5 ways to make your ecommerce website more globally effective
Transforming your ecommerce website into a well-optimised, visible and globalised platform is obligatory if, as an enterprise, you are keen to make your business an international force.
In this piece, we look at five ways you can make this happen. Think of the process as akin to a refurbishment – the core of what you have stays the same but everything else benefits from a nice revamp. The end result is something that is highly effective.
1. Targeting your content
At a base level, most if not all of your static content can easily be translated across all your markets (from content that is originally produced in your primary language). This should be fairly straightforward, as best practice states that such text should be composed in a simple, neutral and easily translatable manner.
However, with other content, such as country-specific news updates and marketing campaigns, the translation needs to be bespoke and unique to the target audience. This needn’t be duplicated if the relevance is lost on other demographics. Think of all your websites as distinct, as if they are satellites circling your main website.
2. Make language visible
For the most part, you want your customers to land on a certain page on your website that is in their native language. However, on occasion, they may end up on a foreign version (i.e. an English user lands on an Italian website). In such an instance, they need to be able to quickly and easily access the version that is in their primary language.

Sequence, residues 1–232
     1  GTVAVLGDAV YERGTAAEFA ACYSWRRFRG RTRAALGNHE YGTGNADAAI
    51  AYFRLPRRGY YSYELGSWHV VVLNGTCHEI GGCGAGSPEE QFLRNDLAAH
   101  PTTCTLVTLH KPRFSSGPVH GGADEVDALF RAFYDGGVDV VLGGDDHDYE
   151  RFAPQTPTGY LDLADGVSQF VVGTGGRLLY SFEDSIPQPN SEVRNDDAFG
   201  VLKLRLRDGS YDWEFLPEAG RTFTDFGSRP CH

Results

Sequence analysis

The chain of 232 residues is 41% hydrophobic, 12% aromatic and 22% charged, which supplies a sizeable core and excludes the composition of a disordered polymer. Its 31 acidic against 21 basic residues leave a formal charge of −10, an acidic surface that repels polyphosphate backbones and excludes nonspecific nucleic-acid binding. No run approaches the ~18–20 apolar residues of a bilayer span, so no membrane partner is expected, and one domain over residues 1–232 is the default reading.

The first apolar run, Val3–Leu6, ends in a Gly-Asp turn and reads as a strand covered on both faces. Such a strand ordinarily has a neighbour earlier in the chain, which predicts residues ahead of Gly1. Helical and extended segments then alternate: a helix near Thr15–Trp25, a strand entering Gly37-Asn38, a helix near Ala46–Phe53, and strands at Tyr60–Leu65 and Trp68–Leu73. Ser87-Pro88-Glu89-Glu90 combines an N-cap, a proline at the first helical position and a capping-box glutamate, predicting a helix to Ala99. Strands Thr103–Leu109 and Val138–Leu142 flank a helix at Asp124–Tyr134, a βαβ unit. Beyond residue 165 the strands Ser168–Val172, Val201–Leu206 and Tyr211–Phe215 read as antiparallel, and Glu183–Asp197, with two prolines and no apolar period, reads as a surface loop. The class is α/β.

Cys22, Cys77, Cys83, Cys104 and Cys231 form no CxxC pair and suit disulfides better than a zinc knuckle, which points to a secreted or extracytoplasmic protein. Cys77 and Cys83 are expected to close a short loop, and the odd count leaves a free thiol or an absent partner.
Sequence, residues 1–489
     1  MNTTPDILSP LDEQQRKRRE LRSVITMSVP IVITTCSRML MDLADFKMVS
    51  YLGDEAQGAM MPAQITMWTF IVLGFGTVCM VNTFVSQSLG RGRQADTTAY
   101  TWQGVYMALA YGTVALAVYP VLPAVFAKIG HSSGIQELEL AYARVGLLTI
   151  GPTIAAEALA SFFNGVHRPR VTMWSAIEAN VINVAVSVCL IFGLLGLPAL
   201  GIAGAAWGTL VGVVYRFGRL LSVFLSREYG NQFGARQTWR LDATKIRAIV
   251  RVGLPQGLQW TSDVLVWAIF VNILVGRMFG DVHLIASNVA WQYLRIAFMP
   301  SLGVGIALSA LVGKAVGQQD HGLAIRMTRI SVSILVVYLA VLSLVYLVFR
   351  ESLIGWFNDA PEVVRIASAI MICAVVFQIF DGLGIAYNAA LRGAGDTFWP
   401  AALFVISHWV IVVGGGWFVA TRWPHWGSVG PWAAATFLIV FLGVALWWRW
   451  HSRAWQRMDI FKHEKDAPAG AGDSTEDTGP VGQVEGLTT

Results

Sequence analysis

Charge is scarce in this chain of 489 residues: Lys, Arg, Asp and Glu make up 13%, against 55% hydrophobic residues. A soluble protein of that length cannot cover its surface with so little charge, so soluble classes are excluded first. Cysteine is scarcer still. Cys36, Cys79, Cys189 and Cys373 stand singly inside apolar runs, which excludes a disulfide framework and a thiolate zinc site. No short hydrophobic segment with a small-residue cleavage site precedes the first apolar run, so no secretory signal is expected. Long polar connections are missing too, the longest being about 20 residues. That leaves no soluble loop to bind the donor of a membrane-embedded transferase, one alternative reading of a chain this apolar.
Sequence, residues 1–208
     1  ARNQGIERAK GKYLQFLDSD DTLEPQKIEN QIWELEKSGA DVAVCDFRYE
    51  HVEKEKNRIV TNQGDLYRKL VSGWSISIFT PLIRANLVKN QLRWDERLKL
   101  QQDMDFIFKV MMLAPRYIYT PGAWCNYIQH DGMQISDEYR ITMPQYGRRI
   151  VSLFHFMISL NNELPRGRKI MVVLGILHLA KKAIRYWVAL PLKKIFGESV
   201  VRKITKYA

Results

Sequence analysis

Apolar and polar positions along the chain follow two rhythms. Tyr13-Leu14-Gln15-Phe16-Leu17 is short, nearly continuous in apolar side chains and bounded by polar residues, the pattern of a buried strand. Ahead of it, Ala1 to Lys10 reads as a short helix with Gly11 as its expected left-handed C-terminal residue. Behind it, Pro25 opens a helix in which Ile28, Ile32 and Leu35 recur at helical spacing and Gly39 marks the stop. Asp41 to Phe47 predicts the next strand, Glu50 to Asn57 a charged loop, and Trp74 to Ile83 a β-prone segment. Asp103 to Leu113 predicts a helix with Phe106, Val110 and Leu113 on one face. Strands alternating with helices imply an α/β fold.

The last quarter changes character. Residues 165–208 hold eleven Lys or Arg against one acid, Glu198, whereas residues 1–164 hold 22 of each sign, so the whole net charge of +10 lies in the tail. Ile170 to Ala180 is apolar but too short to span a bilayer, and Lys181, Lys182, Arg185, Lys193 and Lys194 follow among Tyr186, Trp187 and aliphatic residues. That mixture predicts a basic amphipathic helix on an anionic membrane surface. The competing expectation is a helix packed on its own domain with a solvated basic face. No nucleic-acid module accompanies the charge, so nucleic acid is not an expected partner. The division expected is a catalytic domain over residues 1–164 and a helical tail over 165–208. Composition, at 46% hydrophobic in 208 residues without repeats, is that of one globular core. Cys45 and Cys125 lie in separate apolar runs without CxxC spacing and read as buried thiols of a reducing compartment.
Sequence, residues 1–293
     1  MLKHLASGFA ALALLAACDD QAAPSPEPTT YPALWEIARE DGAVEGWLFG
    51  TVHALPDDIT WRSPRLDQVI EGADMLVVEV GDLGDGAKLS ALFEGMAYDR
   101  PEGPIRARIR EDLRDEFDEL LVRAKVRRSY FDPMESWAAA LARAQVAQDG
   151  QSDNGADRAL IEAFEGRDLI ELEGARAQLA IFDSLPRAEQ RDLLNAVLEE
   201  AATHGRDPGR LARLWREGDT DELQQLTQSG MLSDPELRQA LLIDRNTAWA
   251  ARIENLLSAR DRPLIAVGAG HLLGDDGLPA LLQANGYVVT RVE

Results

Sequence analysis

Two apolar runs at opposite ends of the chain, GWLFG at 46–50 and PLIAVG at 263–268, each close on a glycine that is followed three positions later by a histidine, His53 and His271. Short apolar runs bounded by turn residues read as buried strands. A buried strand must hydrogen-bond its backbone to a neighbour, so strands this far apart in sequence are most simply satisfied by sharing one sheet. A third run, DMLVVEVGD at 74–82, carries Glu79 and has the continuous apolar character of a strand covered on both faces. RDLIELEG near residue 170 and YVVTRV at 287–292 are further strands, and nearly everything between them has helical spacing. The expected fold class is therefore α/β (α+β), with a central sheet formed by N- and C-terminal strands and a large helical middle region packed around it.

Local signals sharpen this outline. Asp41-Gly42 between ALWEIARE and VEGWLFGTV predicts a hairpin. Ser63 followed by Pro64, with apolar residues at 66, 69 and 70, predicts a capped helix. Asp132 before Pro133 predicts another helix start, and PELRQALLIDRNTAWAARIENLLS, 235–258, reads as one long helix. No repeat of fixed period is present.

Most websites that have them, position language options at the top right of the page and accordingly this has become something of a standard. It can be made visible in multiple ways: through a national flag symbol, the name of a country or through a combination of both. It’s advisable to use the language in its local format, so, for example, Español for Spanish on a website that originates in the UK.
3. Adopting URL strategies
At a more technical level, there are further elements to consider, such as the URL structure of your website. Your main aim here is to successfully geotarget aspects of your website to your markets so that they receive the most relevant content with little effort.
This is possible through country specific URL structures (.co.uk for the UK and .in for India); and subdomains (.com/de for Germany and .com/fr for France). The latter is advantageous because it is easy to set up and is low maintenance. The qualities of the former are the fact the geotargeting clearly highlights the source of a website, making server location redundant.
4. Implementing the right style
If you’re really going to invest in a multilingual website, you have to go further than translating just the content. The visual element also has to be modified to fit in with the style sensibilities of your target market and the particular features that are unique to a certain language and culture.
For example, the direction of the text needs to be right to left for certain languages (Arabic and Urdu); font sizes need to be adapted (Chinese and Japanese text needs to be larger than English text); and colour schemes needs to be considered (particular bold colours are interpreted in different ways across the world).
5. Appreciating cultural differences
Failure to consider cultural differences between your target markets when designing your website is a huge mistake. As any professional language provider will point out, if you don’t get the voice of your audience right – or carry out an extremely simplified translation – you'll lack authority. Transcreation and localisation solves this problem.
Your website needs to be tailored so that your core message is adapted in the source language in such a way that it delivers the same impact it would in the target language. This approach is always going to result in better engagement because not only is it relevant, it demonstrates a certain level of awareness.
Take onboard the above and your ecommerce website will be in good shape to compete effectively on the global stage. Beyond getting the foundations of your platform right, the challenge is to maintain quality and consistency across the board. Maintain this level of professionalism and you’re sure to reach more people than ever before.